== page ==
On one of the message boards I’m on, someone did something that somewhat annoyed me. I don’t think she (I think the person is a woman….) meant it the way I took it, mind you. She was just trying to stir up discussion. There are people who like doing that.
Basically, she started out asking for people’s views on homosexuality and bisexuality. Nothing unusual about that, I grant you. It’s a common topic that pops up semi-frequently on most message boards I frequent. And I really don’t mind it, other than the fact that it gets a bit boring to have the same conversation after about the fifth time. (And bear in mind that I had that conversation for the fifth time almost a decade ago….)
But then she went on to ask if anyone on the message board had a same-sex lover. In reality, I suppose it’s an innocent enough question. I’m sure that the person who asked it didn’t mean anything nefarious by it. But it bothered me, all the same.
I guess what bothers me is that it took the discussion from the hypothetical to the highly personal. She wasn’t looking to find out what people thought about same sex relationships, she was no looking to find out about real same sex relationships. I know she didn’t mean it that way, but it just felt like she was now saying, “does anyone here have a same sex relationship I can examine?”
I’m reminded of a comment made by Ellen DeGeneris (I probably butchered her name, I admit) on her first sitcom during its last season. One of her friends actually “outted” her to a couple of strangers. Afterwards, Ellen scolded him about this. She said that she didn’t like it when strangers found out she was a lesbian, because they often made her feel like she was a tourist attraction once they found out. “Look! The lesbian! Oooh! Get a picture!”
Truth be told, I’ve been there is a sense at times. At my last job — where I was much more public about my sexual orientation — I had a coworker who tended to see me as a curiosity to learn about. He’d often ask rather personal questions about my love life (or lack thereof at the time) and interests. I often felt like I was on display, or part of some sort of science experiment.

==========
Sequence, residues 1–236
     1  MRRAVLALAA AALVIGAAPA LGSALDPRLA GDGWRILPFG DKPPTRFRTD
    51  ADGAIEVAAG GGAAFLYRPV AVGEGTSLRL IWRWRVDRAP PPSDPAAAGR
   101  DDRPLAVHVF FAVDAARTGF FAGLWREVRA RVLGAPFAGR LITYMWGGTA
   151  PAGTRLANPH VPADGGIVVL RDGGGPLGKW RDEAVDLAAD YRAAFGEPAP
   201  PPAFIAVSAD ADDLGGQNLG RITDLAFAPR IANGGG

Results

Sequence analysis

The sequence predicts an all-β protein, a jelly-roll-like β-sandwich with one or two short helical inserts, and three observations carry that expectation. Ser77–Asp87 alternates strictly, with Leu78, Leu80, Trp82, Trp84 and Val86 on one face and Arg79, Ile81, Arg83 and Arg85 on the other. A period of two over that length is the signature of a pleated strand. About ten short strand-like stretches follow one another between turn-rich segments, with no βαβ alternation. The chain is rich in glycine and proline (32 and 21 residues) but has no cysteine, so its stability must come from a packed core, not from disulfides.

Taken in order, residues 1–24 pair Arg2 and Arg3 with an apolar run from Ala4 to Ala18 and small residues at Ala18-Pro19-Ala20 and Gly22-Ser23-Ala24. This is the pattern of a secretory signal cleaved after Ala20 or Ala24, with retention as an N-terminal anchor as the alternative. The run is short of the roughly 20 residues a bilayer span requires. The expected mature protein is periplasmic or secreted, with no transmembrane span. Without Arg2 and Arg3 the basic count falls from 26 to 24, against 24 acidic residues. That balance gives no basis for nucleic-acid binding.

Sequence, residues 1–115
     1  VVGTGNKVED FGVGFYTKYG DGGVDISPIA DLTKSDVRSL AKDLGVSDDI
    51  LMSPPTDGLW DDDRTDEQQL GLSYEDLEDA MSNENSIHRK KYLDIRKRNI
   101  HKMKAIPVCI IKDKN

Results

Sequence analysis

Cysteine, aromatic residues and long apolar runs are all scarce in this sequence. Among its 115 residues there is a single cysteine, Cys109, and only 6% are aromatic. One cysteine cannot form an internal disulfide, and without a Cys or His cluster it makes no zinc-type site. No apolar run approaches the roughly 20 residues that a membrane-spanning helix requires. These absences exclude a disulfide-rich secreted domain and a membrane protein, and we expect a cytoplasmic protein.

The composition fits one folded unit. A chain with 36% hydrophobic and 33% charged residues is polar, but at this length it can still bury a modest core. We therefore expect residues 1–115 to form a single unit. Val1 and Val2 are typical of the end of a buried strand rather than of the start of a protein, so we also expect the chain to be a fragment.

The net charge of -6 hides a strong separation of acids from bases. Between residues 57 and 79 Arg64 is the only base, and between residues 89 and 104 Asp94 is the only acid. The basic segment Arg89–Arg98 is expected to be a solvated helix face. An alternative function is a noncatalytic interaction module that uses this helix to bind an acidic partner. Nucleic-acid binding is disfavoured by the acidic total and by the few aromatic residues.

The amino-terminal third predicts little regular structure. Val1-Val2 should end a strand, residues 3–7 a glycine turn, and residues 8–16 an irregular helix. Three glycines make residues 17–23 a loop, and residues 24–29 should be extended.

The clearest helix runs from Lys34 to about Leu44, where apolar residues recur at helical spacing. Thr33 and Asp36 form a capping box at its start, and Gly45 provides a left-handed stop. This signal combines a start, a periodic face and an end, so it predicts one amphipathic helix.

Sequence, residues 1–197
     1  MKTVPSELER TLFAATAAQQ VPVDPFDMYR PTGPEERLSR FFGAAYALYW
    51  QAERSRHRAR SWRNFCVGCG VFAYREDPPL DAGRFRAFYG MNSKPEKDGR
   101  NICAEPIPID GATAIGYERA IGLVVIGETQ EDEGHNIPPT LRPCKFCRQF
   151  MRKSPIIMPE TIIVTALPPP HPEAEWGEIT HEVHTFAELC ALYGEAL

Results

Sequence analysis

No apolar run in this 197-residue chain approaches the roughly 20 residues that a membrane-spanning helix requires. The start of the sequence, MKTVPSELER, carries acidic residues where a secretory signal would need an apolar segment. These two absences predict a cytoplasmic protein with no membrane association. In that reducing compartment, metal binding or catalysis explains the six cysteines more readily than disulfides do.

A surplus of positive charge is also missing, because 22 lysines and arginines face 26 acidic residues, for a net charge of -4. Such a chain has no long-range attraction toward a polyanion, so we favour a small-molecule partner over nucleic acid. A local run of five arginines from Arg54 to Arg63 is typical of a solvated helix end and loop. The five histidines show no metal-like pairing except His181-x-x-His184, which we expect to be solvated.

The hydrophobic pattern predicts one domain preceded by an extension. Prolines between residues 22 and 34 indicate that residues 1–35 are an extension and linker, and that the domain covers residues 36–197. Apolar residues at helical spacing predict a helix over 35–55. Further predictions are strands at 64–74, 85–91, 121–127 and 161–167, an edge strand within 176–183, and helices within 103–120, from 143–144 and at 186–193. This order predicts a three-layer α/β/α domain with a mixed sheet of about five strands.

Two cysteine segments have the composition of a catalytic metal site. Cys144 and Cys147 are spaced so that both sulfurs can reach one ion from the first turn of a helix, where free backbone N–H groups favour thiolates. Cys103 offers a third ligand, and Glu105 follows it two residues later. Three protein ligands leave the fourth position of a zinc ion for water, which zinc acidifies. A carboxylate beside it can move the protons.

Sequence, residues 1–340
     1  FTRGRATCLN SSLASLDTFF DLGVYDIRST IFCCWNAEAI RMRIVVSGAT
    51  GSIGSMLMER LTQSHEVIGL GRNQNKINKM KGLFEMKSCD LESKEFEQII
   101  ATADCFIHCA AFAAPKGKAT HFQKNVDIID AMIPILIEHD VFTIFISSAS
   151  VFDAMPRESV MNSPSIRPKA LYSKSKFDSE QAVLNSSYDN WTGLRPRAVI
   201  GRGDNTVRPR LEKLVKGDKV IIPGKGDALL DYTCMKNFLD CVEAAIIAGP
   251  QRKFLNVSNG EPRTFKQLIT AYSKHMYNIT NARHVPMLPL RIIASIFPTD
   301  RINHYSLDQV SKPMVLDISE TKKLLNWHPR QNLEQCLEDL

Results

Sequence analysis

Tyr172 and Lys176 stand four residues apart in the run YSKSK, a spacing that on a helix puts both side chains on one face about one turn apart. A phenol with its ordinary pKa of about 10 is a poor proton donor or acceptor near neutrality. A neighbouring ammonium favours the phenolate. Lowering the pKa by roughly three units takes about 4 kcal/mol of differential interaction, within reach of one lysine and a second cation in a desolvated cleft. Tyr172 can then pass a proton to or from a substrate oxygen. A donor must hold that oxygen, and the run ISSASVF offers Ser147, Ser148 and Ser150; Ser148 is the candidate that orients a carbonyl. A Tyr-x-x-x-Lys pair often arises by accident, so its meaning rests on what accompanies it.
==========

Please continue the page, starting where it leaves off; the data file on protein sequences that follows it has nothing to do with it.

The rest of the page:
I know that this would probably surprise some of my friends — even some of my online friends — considering how plainly and openly I’ll discuss my love life and sexual interests and desires with them. But all I can say to that is that it’s different. With certain friends, you manage to build a certain level of trust and intimacy where you can talk about such things. There’s that sense that you’re sharing with someone who cares. I can easily share many personal things — both seriously and with a cavelier, joking attitude — with those I feel close to.
But I don’t have that with everyone. I don’t have that with my coworkers. And I don’t have it with most people on a message board. So I guess when someone starts asking about my love life — especially as a “matter of curiosity” — in such a public setting, it tends to bother me. Not that I think the person meant any offense by it. In fact, I didn’t take any offense by it. It’s possible to be bothered by something without actually being offended. (As I think about this statement, I realize that a lot of people don’t actually realize that.)
So, I kept quiet.